So much so, that the clutch actually slipped. The car rolled back off the road and I dived straight underneath. Nothing hot. No shafts broken. The back-up car arrives and there is a suggestion to tow to the top….no, that’s cheating! The engine turned over and fired and the car drove – no dreaded fault found. I took it easy to the top and, indeed, continued to do so over the next fifty miles or so, as I was rather nervous. To date, all I can assume is that the top end seized. I squirted a load of Redex into the engine and some more into the fuel, but I still cannot find a reason for the mysterious stoppage.
I took it easy and pretty much freewheeled down the hill to cool the engine off and then trundled on to Carlisle, which seemed like a sensible point to stop, as thereafter, there were no hotels. In that town, we found a great Indian restaurant, which served proper Indian food and which also kindly gave us a donation. In fact, a bus load of Indian tourists turned up to eat there!
So Day 2 ended in Carlisle. Once again, the observant will notice that Carlisle is in the middle of the mainland (i.e. the midlands), although I know that it is often referred to as ‘the north’, which it is not. However, I do grant you that it may be in the north of England! Be that as it may, I had reached the ‘midlands’ in two days. Day 2 was when the trailer was supposed to head home, but, in order for the support vehicle to reach ‘home’, he virtually had to follow me. So why not follow me and divert towards the end?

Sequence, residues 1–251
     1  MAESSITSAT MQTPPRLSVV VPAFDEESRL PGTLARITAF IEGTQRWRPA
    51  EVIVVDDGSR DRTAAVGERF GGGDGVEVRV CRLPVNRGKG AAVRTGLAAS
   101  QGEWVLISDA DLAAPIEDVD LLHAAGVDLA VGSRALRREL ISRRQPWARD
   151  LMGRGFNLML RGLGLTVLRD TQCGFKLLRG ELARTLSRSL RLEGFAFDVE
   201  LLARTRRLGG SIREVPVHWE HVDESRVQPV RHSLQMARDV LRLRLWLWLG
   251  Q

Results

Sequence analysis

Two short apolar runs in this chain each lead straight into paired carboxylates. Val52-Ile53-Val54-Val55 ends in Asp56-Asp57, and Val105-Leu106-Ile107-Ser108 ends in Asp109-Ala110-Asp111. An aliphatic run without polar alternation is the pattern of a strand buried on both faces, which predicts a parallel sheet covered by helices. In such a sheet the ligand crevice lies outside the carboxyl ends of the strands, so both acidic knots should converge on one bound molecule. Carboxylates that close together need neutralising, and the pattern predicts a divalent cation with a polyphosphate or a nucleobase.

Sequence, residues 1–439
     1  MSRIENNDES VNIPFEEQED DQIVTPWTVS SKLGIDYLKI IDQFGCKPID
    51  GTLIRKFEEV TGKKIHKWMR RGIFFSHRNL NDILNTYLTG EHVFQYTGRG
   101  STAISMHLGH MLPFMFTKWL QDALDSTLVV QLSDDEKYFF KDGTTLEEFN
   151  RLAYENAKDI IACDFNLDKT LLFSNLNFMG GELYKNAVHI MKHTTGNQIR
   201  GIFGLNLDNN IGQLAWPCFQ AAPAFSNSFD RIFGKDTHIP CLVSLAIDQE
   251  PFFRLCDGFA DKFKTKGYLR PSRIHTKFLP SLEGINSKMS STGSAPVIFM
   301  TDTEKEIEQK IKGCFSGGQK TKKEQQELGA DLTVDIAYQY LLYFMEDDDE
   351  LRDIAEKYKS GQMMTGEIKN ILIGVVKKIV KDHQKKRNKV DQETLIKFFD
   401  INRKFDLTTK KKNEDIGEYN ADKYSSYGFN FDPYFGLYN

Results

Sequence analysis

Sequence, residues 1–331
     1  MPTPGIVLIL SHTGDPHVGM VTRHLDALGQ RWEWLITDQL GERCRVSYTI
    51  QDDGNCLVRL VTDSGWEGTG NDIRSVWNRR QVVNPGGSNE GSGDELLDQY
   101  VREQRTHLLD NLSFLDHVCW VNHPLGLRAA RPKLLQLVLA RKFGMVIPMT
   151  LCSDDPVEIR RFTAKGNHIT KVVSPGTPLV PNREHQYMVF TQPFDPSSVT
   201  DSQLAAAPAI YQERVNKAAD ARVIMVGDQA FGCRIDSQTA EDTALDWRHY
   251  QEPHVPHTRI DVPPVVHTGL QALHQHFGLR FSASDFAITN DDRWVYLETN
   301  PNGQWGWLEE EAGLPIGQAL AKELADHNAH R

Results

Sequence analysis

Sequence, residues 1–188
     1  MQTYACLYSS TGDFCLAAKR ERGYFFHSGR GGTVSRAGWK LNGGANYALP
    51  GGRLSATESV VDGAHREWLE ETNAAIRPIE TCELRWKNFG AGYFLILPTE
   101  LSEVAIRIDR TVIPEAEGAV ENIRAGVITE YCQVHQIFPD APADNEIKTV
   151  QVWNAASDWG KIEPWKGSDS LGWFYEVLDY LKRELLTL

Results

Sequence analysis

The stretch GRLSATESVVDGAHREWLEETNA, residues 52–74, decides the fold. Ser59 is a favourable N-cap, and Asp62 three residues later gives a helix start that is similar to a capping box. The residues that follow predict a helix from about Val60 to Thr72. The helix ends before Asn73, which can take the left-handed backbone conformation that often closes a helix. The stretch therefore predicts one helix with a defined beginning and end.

An early start – many thanks to the seagulls – allowed us to leave Carlisle before the rush hour and to head towards the A7 and country three…Alba (Scotland, in case one is unaware of this). This route is well worth attempting, as it follows a river up and then down, it has few major hills and it offers some fantastic scenery, including a cracking fifteen-mile run down to the Edinburgh Bypass. This is a “necessary” road, but, if one has the time to go through Edinburgh, this is far prettier. I followed the bypass to the old (fourth) Forth Road bridge, next to the (third) Forth Bridge (often wrongly named the Forth Rail Bridge) and the (fifth) Forth Bridge, the new Queensferry Crossing – all very confusing, I know.